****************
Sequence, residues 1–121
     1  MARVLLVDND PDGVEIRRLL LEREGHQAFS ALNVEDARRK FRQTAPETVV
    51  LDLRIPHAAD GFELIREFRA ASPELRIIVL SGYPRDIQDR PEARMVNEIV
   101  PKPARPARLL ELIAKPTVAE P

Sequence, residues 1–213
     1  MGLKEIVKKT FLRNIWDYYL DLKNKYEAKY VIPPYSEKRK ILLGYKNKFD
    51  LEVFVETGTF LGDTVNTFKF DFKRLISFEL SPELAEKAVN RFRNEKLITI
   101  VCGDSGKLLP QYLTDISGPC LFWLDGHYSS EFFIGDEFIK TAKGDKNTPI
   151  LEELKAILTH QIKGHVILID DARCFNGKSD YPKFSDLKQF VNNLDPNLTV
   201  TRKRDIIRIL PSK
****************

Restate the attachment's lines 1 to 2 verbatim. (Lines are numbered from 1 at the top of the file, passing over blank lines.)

Sequence, residues 1–121
     1  MARVLLVDND PDGVEIRRLL LEREGHQAFS ALNVEDARRK FRQTAPETVV